The same Indiana lawmakers intent on creating more charter schools – free from the regulations placed on traditional public schools – are busy attempting to place new regulations on traditional public schools.
House Bill 1307, introduced by Democrat Linda Lawson of Hammond, would require schools to add parental involvement provisions to discipline rules regarding bullying. In other words, if your kid gets in trouble at school, you will be required to perform three hours of service per school term.
This one raises so many questions that it could take the entire session to sort them out. In two-parent families, are both parents required to serve? In the case of divorce, does only the custodial parent serve? If there's shared custody, do the parents split the time? What about foster parents or guardians?
Who at the school will be required to track this? What constitutes parent involvement? If a family has two or three students in trouble, are the requirements doubled or tripled? What if the parent has a debilitating illness or works two or three jobs? What happens to the student if the parent fails to serve?
The proposal represents a burdensome new requirement for schools. My sister-in-law teaches at a Florida charter school where parents are required to perform a certain number of "volunteer" hours as a condition of enrollment. The book-keeping requirements for the service hours fall to the classroom teachers and, according to my-sister-in-law, consume a great deal of time outside the school day in tracking hours, contacting parents who aren't meeting the requirements and coming up with ways for parents to serve. Her school serves a low-income population where most of the parents work, so it's not easy for them to volunteer during the school day. Some families have lost their places in the school for failing to comply. I don't see how that serves students well.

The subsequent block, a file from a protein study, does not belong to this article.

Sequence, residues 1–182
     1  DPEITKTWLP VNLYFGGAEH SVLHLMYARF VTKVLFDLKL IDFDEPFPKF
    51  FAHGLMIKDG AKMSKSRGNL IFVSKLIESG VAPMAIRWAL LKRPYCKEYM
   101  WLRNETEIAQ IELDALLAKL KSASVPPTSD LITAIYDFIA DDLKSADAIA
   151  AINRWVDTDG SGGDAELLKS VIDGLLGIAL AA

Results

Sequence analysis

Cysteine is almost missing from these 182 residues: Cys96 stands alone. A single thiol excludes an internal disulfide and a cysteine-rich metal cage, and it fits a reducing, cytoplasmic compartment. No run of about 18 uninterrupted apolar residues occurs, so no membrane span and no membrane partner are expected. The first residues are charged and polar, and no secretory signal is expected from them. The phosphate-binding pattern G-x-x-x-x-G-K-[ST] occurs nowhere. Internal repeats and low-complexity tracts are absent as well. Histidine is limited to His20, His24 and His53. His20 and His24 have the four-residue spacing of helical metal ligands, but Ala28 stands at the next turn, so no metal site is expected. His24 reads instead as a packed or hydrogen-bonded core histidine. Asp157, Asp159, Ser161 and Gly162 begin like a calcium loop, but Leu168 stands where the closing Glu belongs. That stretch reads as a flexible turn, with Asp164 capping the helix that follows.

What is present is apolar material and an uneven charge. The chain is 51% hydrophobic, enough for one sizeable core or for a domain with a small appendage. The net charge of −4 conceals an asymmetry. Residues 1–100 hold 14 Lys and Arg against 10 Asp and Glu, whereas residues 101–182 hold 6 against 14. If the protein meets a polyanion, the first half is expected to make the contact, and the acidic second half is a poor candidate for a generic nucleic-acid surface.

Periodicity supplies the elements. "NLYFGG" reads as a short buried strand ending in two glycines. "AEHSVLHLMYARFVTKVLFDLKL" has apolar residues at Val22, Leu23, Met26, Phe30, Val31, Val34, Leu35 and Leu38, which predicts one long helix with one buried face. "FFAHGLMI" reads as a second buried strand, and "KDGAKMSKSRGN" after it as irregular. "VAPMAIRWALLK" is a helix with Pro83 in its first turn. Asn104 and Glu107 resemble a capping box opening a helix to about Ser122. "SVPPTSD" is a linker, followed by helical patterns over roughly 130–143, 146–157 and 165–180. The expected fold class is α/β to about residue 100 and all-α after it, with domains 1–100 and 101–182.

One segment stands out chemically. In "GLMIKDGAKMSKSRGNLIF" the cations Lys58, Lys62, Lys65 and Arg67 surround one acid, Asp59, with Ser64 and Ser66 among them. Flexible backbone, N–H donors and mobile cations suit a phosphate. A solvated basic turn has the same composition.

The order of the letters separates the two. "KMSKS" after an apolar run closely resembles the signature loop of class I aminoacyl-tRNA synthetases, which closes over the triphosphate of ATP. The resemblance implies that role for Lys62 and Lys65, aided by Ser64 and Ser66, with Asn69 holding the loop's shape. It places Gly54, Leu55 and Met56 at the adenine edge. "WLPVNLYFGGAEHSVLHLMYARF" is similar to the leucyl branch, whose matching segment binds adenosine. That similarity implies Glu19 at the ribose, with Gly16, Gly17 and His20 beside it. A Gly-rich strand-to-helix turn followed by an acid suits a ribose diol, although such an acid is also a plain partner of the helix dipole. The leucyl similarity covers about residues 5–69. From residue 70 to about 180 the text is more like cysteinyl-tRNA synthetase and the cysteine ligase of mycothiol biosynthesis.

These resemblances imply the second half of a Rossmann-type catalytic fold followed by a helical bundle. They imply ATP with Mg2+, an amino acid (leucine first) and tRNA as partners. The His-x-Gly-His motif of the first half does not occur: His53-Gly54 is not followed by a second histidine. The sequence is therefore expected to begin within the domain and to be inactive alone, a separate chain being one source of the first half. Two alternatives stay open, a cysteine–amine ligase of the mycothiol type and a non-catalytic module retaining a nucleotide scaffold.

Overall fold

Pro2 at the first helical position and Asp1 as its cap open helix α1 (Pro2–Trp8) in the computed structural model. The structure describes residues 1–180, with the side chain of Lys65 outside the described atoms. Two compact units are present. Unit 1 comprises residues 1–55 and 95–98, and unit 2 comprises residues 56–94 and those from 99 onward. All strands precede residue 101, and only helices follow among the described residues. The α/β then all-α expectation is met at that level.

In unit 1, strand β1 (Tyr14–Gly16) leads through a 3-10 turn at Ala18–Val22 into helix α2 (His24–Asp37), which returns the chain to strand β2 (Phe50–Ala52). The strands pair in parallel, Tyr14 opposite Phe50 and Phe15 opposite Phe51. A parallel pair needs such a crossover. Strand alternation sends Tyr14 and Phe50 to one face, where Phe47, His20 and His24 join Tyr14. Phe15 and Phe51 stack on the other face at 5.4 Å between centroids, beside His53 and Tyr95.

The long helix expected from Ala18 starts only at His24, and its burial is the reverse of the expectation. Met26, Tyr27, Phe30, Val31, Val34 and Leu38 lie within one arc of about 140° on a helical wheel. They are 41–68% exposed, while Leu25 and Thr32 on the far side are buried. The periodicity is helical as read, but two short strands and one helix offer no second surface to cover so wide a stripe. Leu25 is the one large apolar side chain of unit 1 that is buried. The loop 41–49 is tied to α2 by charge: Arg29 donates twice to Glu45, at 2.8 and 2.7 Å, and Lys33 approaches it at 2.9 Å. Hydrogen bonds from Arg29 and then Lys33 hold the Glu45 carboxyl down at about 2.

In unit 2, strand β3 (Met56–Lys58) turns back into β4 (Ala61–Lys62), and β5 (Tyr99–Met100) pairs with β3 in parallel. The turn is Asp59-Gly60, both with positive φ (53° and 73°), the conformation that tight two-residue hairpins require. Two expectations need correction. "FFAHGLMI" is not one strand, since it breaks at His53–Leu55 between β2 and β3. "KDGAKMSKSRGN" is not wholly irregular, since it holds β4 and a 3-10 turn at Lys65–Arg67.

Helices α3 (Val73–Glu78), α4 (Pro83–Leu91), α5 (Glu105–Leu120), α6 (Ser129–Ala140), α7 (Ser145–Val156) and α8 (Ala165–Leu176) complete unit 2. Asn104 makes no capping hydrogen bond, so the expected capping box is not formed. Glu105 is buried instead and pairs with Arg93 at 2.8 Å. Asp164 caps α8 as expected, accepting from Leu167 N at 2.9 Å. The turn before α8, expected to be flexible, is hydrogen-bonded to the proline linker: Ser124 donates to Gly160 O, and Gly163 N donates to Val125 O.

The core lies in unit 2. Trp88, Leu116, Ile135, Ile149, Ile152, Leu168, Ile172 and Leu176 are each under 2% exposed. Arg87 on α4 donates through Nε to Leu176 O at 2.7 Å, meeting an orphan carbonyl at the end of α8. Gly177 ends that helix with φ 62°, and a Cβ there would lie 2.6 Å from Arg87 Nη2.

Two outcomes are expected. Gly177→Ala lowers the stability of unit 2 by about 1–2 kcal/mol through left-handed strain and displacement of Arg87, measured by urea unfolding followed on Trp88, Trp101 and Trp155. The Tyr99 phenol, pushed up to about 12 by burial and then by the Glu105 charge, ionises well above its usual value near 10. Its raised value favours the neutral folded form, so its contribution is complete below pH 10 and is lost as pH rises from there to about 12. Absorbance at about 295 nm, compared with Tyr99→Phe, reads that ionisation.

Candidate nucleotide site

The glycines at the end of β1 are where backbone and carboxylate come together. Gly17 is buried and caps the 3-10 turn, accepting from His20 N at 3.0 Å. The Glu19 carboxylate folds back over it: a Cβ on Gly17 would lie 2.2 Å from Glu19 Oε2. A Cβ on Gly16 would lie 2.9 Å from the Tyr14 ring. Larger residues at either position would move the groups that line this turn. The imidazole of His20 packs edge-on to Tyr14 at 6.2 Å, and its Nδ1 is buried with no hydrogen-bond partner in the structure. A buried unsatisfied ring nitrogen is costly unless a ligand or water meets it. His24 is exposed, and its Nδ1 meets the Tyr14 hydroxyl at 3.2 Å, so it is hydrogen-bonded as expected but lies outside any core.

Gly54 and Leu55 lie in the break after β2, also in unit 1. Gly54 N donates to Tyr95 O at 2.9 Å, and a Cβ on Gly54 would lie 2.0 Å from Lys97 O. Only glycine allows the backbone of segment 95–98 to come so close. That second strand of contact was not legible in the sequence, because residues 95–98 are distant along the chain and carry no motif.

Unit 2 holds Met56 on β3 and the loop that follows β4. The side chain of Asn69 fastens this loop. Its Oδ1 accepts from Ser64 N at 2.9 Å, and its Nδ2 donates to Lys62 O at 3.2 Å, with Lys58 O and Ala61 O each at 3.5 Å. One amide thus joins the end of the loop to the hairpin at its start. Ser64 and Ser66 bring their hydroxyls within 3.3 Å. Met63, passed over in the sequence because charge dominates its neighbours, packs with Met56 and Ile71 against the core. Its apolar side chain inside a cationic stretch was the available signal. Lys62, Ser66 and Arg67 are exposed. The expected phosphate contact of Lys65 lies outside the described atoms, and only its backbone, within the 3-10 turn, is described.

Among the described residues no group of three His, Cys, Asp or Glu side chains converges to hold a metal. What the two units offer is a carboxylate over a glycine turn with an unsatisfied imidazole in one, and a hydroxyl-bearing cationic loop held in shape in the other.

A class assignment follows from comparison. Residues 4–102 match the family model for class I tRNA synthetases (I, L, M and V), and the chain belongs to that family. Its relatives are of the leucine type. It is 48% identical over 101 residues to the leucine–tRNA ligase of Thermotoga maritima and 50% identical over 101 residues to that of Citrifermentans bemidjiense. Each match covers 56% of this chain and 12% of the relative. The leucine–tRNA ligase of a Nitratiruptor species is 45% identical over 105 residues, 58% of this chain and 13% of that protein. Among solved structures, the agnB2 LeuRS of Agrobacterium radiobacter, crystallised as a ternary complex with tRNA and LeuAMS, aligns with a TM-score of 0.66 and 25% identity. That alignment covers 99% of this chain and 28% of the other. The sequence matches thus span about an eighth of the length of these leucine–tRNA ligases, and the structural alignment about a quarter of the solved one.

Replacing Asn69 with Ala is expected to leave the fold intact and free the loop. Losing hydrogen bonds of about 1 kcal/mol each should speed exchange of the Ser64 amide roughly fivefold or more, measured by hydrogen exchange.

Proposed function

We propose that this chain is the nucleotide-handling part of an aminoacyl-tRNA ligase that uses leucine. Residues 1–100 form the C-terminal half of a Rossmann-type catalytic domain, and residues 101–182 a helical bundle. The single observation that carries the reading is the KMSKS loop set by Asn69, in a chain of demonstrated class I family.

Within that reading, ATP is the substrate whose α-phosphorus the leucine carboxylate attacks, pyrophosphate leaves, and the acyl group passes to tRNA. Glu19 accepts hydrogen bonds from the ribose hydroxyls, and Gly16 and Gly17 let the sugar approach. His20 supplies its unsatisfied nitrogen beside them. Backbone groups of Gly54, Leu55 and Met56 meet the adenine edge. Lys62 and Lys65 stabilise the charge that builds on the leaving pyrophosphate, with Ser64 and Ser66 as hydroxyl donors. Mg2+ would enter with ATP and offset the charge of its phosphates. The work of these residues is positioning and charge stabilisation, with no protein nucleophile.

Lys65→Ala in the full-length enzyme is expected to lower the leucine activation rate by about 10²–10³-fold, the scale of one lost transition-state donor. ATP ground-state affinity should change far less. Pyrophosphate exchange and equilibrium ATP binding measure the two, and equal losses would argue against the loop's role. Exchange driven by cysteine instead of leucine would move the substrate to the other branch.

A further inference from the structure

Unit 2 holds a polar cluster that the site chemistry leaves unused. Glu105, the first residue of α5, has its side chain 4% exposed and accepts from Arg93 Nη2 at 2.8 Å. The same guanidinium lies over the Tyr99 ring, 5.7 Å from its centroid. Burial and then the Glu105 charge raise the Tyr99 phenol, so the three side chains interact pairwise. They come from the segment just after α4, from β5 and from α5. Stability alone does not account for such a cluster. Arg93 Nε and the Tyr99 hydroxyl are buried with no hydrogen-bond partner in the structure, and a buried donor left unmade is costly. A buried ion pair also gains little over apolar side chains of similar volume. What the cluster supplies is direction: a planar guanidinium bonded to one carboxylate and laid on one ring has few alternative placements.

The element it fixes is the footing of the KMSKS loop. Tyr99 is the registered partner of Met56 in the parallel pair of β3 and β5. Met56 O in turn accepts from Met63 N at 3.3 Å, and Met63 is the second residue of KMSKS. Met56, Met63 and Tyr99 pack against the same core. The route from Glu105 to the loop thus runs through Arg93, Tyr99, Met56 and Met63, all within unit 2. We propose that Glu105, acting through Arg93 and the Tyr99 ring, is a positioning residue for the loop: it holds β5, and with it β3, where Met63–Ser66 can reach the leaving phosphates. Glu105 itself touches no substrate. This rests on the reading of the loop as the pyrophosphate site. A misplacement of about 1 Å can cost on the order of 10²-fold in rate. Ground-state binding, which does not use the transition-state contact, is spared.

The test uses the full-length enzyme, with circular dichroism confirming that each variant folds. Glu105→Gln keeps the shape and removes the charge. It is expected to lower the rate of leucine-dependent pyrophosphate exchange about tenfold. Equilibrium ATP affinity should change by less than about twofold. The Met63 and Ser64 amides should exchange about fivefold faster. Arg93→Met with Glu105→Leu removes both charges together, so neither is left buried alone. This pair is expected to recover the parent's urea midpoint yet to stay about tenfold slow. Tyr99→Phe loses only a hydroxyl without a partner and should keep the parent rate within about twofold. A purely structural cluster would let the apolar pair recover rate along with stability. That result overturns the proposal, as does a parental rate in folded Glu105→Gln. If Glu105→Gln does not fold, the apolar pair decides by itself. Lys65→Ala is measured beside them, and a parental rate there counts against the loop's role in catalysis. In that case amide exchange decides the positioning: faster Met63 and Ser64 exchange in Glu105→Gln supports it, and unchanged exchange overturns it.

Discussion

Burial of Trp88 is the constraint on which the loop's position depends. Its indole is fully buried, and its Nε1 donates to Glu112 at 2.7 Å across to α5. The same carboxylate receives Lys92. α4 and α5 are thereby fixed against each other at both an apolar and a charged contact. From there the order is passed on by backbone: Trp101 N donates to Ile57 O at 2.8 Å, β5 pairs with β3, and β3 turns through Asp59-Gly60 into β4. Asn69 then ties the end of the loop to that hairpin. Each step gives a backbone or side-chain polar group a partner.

At its heart, the proposed bill and similar parent involvement requirements are efforts to legislate good parenting. I'm not sure it's possible. School "reformers" like to say it's all about the kids, but they always seem to slide back into blame-the-parents mode.
Why not focus on the students and do everything possible to ensure they will become better parents than the ones they were dealt?